Results

General characteristics of the population studied

General characteristics of participants are shown in Table 1. During the study period, 360 patients consulted for assessment of their cardiovascular risk due to the presence of at least one major classical cardiovascular risk factor and/or due to established cardiovascular disease. The average age was 52.4± 13.4 years for men and 49.1 ± 11.8 years for women (p = 0.01). In this group, BMI (kg/m2) was higher in women than in men (women vs. men: 29.2 ± 5.8 vs. 25.9 ± 4.0, p<0.0001) as was total body fat (%) (42.9 ± 8.7 vs. 25.8 ± 7.6, p<0.0001). By cons, visceral fat (9.0 ± 3.3 vs. 10.8 ± 4.8, p=0.0001) and skeletal muscle mass (%) (24.3 ± 3.5 vs. 33.0 ± 4.9, p<0.0001) were higher in male than in female patients. In both sexes, patients with excess visceral fat (>10/30) were older and had a BMI, a W.C and an adipose tissue mass, higher than patients with visceral fat <10/30 (p <0.0001), alongside a lower skeletal muscle mass (p = 0.0008).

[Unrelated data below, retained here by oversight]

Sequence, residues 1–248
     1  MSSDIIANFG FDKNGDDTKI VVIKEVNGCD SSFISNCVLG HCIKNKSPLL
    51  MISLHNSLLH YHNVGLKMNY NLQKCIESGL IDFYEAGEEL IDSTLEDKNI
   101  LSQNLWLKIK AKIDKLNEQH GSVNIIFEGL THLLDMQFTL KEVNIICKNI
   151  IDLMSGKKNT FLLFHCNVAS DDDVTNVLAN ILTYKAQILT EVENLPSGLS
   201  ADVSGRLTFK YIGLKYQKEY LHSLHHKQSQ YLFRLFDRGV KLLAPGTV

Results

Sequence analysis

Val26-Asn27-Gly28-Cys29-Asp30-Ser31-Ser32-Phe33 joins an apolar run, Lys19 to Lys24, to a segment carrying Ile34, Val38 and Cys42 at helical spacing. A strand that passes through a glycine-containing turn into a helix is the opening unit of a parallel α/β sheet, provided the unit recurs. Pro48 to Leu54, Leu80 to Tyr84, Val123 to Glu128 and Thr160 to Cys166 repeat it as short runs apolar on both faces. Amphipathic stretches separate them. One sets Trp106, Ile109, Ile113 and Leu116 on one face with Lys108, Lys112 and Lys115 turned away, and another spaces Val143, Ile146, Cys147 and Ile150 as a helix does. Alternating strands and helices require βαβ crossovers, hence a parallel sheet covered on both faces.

SBP and DBP values were higher in patients with visceral fat >10/30 (p <0.01), a subgroup in which total cholesterol (mg/dl) (219.4 ± 54.8 vs. 198.3 ± 58.5, p = 0.0005), low-density lipoprotein cholesterol (LDL-C; mg / dl) (147.8 ± 51.4 vs. 128.1 ± 47.0, p=0.0003) and triglycerides (mg/dl) (134.1 ± 78.0 vs. 110.7 ± 61.3, p=0.001) were also higher.

Cardiovascular risk factors

Table 1 and Figure 1 and Figure 2 reproduce the prevalence of cardiovascular risk factors. Smoking (3.9% in the whole group) was more prevalent in men (8.5% vs. 0.5% in women, p = 0.0002). In the entire group, 75.6% of patients were hypertensive and 31.8% were diabetic. Obesity, defined as a BMI >30.0 kg/m2; was present in 34.6%, being more common in females than in males (44.4% vs. 19.7%, p = <0.0001), as was central accumulation of adipose tissue, defined by a pathological threshold values of WC according to NCEP/ATP III: 53.6% (73.3% vs. 23.8%, p <0.0001) and according to IDF: 69.7% (83.4% vs. 49.0%, p <0.0001). In addition, the frequency of MS according to NCEP/ATP III (43.6%), IDF (47.8%) and according to the harmonized consensus of definition of the MS (52.8%) was higher in women than in men (p <0.01), while visceral fat accumulation >10/30 (48.6%) was more predominant in males (60.8%) than in female (40.6% ) (p = 0.0001). There was no statistically significant difference as to the frequency of MS according to the accumulation of visceral fat (35.1%) among men (40.6%) and women (31.5%) (p = 0.07).

Predictive value of waist circumference